Last month I traveled to Israel with 26 of my co-workers. The trip was funded by a few generous donors with great foresight. They understood something I did not: the experience would transform our organization.
The trip forever changed the way I will think and communicate about Israel. I met remarkable people like Uriel Bachrach, our shlichah’s stepfather who was part of a secret science research corps in the Haganah, and Celia Gabay, a foster parent in our partnership region who volunteers as a first responder with Magan David Adom.
I learned how the Peres Center for Peace is engaging in creative partnerships between Israelis and Palestinians. At the Taglit-Birthright Innovation Center I learned how Israeli culture has enabled remarkable innovations in every area of science and industry.
Even the sights and smells were remarkable: spring fields of the Galilee dotted with red anemones, salty ridges surrounding the receding Dead Sea, sticky pastries with bright green pistachio filling, costumed Purim revelers flooding the streets of Tel Aviv, the bustling shuk an hour before Shabbat, the pungent aroma of za’atar, and the sweet scent of just-picked lemons.
I left Israel with more than a collection of amazing experiences. I developed a better understanding of the existential threat to the State of Israel. Standing at a fence that separated a kibbutz from Lebanon, I saw a chilling Hezbollah billboard on the Lebanese side. It featured three Palestinian “heroes,” one of whom was responsible for the bombing in Argentina in 1994, and described Israel as a spider-web, fragile and insignificant.
I also saw baby onesies for sale in the Muslim Quarter with a picture of the entire country and the words “Free Palestine.” This was a frightening sign of some Palestinians’ intentions but also a reassuring indicator of a democracy where all are able to express their opinions.
I left Israel with a more nuanced understanding of the impact of the conflict on both Palestinians and Israelis. And now I know the part of me that feels pain and support for the Palestinians can coexist with the pro-Israel part of me.
Perhaps most important, I left with a clearer understanding of the need for the State of Israel. At Yad Vashem, the Israeli center dedicated to remembrance of the Holocaust, I saw a girl’s thick braids that were cut from her head by her mother who realized she could not care for her daughter’s hair in the camps. I saw another girl’s red polka dotted hair ribbon, still tied in a bow and still vivid red, the only bright object in the building. This is tangible evidence that two young girls existed and then died because they were Jews.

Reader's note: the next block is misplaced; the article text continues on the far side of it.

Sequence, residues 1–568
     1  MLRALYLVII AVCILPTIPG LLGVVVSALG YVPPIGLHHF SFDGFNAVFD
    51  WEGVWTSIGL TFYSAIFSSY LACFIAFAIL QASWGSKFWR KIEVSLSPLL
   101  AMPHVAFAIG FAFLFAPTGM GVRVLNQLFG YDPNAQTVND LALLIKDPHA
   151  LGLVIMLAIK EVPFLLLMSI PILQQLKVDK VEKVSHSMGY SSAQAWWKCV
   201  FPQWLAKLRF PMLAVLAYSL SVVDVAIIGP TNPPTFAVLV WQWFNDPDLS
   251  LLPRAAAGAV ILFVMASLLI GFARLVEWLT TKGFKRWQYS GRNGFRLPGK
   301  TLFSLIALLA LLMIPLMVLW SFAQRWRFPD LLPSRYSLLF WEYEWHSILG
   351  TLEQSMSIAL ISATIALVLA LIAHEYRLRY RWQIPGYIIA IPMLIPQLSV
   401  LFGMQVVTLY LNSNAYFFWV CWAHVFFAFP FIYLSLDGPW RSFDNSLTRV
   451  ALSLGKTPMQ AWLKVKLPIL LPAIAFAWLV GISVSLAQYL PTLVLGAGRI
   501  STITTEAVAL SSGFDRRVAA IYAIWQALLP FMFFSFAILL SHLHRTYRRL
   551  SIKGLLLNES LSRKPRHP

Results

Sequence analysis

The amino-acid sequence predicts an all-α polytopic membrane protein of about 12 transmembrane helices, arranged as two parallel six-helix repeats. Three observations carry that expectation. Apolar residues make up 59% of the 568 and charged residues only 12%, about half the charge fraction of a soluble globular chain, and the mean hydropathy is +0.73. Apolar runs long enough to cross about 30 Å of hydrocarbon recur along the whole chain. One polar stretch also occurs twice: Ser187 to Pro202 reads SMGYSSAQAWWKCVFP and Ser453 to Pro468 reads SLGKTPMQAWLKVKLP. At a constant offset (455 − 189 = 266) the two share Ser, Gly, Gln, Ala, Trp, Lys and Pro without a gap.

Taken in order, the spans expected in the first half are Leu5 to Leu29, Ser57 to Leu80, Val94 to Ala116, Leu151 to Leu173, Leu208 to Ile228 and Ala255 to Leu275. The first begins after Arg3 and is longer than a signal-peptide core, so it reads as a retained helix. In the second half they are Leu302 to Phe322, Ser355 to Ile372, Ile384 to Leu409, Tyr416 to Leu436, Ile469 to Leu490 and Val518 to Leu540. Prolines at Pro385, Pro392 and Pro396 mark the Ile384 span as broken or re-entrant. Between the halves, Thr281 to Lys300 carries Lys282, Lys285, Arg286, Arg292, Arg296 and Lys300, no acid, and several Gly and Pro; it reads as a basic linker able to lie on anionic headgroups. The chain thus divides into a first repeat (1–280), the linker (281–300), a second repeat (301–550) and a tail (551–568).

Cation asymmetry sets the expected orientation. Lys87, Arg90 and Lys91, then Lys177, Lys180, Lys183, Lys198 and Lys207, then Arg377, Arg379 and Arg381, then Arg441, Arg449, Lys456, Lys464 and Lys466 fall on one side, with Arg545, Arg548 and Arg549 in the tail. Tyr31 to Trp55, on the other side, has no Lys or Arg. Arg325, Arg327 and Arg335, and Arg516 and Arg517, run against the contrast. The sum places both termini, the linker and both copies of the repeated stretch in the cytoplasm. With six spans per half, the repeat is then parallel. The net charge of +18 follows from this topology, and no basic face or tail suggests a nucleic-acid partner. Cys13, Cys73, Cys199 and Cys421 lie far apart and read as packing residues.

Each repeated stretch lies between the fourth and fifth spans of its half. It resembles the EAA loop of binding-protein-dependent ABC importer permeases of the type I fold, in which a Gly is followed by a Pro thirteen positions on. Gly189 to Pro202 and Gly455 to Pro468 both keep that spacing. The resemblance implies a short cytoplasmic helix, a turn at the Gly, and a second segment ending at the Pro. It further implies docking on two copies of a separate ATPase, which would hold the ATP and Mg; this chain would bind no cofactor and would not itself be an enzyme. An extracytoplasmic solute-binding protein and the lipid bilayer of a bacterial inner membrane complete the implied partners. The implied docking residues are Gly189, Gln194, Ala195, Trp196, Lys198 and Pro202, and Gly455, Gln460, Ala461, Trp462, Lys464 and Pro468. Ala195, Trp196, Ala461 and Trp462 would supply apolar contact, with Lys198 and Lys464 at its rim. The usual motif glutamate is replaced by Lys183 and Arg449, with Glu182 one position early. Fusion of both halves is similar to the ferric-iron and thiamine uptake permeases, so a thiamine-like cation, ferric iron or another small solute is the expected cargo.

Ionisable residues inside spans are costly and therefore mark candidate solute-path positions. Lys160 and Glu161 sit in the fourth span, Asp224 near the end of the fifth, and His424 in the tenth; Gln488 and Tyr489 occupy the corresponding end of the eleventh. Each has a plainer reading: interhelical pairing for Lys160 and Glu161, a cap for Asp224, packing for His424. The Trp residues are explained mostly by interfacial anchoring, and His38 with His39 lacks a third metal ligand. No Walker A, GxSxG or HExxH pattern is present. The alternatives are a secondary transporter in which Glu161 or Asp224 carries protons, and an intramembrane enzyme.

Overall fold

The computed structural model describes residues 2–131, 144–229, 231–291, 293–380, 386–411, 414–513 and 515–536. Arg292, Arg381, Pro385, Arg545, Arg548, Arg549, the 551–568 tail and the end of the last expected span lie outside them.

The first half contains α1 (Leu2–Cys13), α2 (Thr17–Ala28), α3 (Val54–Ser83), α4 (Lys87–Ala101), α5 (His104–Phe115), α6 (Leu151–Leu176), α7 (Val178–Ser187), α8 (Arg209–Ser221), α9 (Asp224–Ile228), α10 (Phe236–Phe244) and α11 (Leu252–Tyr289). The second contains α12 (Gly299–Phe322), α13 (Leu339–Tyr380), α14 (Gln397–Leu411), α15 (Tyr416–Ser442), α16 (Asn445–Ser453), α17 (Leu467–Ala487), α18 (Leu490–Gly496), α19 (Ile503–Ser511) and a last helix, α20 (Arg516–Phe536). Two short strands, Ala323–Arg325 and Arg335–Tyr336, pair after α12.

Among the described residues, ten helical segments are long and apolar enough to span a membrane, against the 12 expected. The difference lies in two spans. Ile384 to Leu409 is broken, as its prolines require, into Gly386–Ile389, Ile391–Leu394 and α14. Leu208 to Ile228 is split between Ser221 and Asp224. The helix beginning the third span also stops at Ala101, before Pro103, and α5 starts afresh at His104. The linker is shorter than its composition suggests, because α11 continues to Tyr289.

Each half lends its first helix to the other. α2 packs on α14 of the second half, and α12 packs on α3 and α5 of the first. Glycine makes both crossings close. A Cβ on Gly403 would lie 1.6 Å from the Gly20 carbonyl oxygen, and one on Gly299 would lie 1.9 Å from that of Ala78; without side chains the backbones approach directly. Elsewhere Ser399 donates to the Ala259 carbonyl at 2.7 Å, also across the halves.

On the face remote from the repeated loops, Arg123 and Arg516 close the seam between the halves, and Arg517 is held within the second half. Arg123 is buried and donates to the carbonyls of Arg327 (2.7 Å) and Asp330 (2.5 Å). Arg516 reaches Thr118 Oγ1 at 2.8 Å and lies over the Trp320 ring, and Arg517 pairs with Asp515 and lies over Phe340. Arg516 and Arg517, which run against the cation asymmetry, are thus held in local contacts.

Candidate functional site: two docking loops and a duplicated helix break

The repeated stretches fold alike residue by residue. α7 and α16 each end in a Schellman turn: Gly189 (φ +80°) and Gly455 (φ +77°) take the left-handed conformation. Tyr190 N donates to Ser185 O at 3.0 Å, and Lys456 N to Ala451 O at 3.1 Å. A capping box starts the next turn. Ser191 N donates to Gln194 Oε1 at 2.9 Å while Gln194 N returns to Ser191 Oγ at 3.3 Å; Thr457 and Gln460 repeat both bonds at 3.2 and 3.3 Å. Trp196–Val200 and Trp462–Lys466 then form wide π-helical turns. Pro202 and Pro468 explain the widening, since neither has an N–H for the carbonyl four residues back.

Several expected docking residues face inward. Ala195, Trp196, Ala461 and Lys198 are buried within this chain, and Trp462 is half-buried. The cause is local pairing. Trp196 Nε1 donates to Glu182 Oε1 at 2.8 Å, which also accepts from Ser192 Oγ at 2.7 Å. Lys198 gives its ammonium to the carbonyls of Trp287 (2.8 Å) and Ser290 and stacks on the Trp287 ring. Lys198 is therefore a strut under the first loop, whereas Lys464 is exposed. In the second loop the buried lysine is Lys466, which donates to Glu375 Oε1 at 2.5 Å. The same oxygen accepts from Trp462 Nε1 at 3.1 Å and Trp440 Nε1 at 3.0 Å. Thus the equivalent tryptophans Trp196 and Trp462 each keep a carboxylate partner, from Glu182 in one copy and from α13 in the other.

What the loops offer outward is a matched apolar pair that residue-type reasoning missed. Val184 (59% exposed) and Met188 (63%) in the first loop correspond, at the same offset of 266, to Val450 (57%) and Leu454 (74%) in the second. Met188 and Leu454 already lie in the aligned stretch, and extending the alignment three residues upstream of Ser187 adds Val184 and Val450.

Yad Vashem was designed so that the first thing visitors see upon exiting the main building is the City of Jerusalem. The message is clear: the modern State of Israel is the only certain refuge for Jews, a refuge that is as necessary today as it was went it was first founded.
A bookmark from Yad Vashem is now tacked to the wall beside my desk. It bears a single sentence from the final letter written in Vilnius in 1941 by a man who perished in the Holocaust. He wrote of himself, “I should like someone to remember that there once lived a person named David Berger.” The most powerful thing I can do for all of the David Bergers whose lives were lost in the Holocaust, and all of the David Bergers who have yet to be born, is to help ensure we thrive as a Jewish community.
I’m in a better position to do this now than I had been just a few weeks ago. I’ll be a more articulate advocate for Israel and our work there, and I can communicate a richer and more passionate message about why the work of the Milwaukee Jewish Federation matters.
I want to personally thank our donors – the CT Charitable Fund, the Joseph and Vera Zilber Family Donor Advised Fund, and anonymous donors, all of whom hold their funds at the Jewish Community Foundation. I promise that your investment will make a significant difference in the impact of our organization.
Stephanie Wagner is the vice president of communications and strategy at the Milwaukee Jewish Federation.